The Business Toolkit is the brainchild of Barry alum, philanthropist, and entrepreneur Stefan Jugmohan.

The Business Toolkit is the brainchild of Barry alum, philanthropist, and entrepreneur Stefan Jugmohan.

When Trinidad and Tobago-native Stefan Jugmohan arrived at Barry University, he was already a success story. After finishing high school, the young philanthropist created a charitable organization to support houseless and underprivileged children living in his home islands, 141 Foundations – One Smile For One Person. Before he graduated from Barry, he already started building his hugely accomplished and innovative second venture, branding agency The Business Toolkit

Jugmohan graduated from Barry in the spring of 2020 with honors and a bachelor of science in Business Administration and a major in Finance. He was already working on creative solutions to marketing problems from his dorm room in Weber Hall. “I started analyzing and strategically planning a way to make passive income while in college,” he says. He wanted to spend little overhead and make maximum profit and found it by helping small businesses online with a stellar team and customer service.

“Companies in North Miami that surrounded Barry University were struggling because they undervalued their services due to poor branding and online presence,” Jugmohan says. “Every time I walked on Biscayne Boulevard, I saw so much potential but a lack of resources and opportunity. It became my mission to transform these companies.” Thus, the Business Toolkit was born. He named it as such “because we provide all the tools you need to be successful – we transform companies.” He launched this endeavor to support “mom and pop” stores in need of digital tools in June of 2020, just as the pandemic threatened the livelihood of many small businesses and as he married his wife and business partner. Before the New Year, they already accrued six-figures and are now working with around 5,100 business owners.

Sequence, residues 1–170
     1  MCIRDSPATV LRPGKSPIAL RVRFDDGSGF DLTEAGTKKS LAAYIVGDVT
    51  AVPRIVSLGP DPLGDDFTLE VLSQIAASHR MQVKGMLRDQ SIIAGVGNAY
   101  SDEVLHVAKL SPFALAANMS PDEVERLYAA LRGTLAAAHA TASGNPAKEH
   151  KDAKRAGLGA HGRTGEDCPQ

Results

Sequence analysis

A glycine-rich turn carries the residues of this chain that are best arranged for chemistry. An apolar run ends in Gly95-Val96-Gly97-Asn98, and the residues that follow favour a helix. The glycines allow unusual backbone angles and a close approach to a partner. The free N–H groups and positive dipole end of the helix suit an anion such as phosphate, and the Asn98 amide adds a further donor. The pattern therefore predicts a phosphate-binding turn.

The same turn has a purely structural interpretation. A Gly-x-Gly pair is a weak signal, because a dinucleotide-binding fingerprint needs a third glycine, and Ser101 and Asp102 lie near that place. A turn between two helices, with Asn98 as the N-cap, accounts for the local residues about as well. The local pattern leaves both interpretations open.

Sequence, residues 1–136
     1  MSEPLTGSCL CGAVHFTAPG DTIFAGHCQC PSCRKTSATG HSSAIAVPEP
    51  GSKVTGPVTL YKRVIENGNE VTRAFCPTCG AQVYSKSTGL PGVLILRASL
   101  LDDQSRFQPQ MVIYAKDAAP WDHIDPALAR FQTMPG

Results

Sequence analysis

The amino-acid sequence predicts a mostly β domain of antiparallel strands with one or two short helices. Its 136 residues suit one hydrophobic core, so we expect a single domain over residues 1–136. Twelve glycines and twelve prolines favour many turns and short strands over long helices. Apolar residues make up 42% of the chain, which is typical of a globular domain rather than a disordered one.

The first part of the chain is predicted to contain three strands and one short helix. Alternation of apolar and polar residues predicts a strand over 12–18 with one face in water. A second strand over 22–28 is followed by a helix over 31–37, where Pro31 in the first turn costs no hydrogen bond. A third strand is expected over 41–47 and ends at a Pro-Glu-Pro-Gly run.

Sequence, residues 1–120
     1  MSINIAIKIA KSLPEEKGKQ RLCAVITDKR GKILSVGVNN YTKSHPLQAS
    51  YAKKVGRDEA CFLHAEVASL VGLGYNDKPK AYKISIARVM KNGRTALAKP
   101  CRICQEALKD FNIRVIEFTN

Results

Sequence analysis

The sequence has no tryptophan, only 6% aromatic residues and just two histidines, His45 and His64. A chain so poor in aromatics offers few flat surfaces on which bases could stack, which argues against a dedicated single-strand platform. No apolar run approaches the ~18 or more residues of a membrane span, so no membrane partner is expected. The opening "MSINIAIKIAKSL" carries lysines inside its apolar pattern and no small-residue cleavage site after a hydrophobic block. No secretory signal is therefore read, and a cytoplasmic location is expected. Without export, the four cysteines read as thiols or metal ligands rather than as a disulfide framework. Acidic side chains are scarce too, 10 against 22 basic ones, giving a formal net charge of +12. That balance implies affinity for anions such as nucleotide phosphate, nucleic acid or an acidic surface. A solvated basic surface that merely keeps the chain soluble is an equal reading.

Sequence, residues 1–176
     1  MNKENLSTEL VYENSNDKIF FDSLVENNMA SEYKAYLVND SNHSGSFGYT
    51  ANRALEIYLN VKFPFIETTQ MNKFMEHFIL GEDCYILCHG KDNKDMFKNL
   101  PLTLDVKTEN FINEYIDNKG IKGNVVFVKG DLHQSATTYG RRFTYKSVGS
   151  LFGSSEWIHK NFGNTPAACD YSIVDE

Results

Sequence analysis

Barry prepared him for this undertaking. “Each Professor and class I entered played an integral role in my development and thus my company's success today,” he says. “I am a fond believer in quality over quantity and after discovering that class-sizes were on average between 10 to 30 [students], I saw it as the best opportunity to acquire a quality education. I didn't want to be a drop of water in the ocean.” He also valued Barry’s inclusivity, which made his transition from the islands to America that much easier. 

His advice to those entering the workforce after graduating from his alma mater? “Forget about family, friends’ or society's opinion. If you have an idea with a plan that you're passionate about. Simply do it. The universe and your work ethic will take care of rest.”